For its thirtieth birthday, the Princeton Architectural Press is re-editing some of its past book including the beautiful OneFiveFour by Lebbeus Woods which was first published in 1989.
This book is actually a collection of eleven projects drawn by L.Woods from 1984 to 1989. However, I feel that it is more interesting to consider the ensemble of drawings and models as one single project which constitutes his vision of a city somehow lost in time, driven by an ambiguous technology that recalls the steampunk of William Gibson and Bruce Sterling (The Difference Engine).
The following text is an amazing excerpt from Woods’ introduction about his project Underground Berlin (see previous article) that creates a metaphorical and romanticized city out of the situation of Berlin in the 80’s:
What is happening in this city is much more than political unification. What is happening is acclimation of people to new conditions of life. Beneath the surface, within the planetary mass of the earth, a new climate of forces exists geomechanical forces that issue from deep within the earth -gravitational electromagnetic, and seismic forces that come to shape the forms and relationships comprising life in the underground city itself.
From the subtly vibrating planetary mass of earth come seismic forces that move the inverted towers and bridges in equally subtle vibrations. The inhabitants of the city feel them, perhaps in a way we would call subliminal because the structures they build are of metal sheets -steel and aluminum and bronze and copper. These living and working places vibrate and resonate in the great civic spaces of the city. Like musical instruments, they vibrate and shift in diverse frequencies, in resonance with the earth and also with one another.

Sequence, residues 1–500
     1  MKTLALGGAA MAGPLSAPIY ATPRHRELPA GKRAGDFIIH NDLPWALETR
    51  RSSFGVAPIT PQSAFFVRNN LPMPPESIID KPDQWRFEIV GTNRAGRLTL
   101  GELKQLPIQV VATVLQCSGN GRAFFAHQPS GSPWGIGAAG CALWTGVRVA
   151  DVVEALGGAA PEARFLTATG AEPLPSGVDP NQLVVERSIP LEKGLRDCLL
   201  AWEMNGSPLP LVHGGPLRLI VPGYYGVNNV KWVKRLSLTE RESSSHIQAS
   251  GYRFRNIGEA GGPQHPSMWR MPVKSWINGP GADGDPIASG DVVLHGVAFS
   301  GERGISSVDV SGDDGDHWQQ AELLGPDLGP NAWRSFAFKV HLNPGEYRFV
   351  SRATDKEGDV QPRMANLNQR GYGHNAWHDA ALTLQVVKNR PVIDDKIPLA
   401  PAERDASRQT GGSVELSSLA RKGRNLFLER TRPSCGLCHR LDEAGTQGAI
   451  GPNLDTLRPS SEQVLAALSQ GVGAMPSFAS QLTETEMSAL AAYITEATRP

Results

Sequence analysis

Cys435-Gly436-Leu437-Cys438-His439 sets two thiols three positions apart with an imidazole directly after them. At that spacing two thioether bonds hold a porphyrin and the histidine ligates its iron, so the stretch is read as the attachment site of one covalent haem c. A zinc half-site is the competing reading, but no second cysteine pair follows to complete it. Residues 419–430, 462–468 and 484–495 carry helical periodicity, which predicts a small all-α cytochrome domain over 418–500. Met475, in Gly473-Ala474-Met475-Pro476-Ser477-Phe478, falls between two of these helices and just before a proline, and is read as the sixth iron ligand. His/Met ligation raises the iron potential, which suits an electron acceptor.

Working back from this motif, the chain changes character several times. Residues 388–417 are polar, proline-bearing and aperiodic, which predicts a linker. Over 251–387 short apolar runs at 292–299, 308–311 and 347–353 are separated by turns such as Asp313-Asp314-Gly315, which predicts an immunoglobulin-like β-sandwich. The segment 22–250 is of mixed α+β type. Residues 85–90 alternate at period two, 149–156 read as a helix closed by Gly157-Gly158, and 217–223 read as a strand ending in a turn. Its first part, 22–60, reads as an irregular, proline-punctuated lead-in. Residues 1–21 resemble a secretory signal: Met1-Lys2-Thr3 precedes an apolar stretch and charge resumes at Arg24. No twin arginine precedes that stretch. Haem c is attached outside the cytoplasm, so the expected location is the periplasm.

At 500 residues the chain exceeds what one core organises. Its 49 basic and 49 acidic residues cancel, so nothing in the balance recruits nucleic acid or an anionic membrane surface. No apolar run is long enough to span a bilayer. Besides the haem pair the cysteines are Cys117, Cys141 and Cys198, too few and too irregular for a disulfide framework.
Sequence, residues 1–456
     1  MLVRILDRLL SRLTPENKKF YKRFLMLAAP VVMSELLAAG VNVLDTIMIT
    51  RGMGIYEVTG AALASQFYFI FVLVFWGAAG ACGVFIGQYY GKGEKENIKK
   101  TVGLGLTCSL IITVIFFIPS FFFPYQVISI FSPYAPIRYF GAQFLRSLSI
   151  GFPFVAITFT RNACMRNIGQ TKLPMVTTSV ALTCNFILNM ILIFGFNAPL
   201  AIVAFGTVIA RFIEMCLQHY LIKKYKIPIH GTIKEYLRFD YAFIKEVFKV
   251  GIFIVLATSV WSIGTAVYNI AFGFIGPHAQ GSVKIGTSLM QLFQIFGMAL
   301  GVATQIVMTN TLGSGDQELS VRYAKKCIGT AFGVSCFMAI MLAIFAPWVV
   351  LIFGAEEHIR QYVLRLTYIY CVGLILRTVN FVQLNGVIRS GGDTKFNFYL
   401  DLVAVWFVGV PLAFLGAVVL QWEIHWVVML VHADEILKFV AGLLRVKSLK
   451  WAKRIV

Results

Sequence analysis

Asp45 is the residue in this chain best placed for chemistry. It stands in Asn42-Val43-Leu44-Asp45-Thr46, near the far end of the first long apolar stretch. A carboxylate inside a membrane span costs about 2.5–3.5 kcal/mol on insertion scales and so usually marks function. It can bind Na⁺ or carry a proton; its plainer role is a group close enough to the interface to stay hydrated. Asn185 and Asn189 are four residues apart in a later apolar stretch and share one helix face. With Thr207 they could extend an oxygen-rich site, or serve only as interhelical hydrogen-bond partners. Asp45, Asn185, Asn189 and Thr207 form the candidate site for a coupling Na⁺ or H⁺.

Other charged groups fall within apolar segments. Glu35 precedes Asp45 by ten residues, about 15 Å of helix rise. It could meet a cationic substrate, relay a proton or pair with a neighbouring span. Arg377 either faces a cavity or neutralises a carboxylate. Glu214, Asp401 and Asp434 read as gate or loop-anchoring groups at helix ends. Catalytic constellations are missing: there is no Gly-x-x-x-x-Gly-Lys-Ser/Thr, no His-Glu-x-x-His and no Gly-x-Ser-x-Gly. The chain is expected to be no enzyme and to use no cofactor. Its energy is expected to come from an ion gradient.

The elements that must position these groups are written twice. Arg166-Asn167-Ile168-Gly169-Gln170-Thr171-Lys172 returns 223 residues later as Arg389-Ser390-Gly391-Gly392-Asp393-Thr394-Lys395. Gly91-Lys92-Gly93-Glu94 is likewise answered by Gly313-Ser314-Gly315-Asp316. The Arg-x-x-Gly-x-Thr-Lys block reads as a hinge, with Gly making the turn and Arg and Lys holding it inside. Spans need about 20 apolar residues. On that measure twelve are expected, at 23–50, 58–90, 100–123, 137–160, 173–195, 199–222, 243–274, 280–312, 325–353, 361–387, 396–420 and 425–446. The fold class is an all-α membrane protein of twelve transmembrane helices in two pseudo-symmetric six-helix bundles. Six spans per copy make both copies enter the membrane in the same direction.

A way of living is in this way formed. The builders of the city have sought political independence by going beneath the earth, under the Wall, subverting the designs of occupying political rivals, and have found something unexpected: a new world, a world of seismic wind and electromagnetic flux, a world of constant and not unpleasant temperatures, but also of continuous change. Their structures, built to connect inversely with the world above, are instruments of this change, measuring both the life of the inanimate planet and the corresponding changes of those living within.
Lebbeus Woods. OneFiveFour. New York: Princeton Architectural Press, 1989.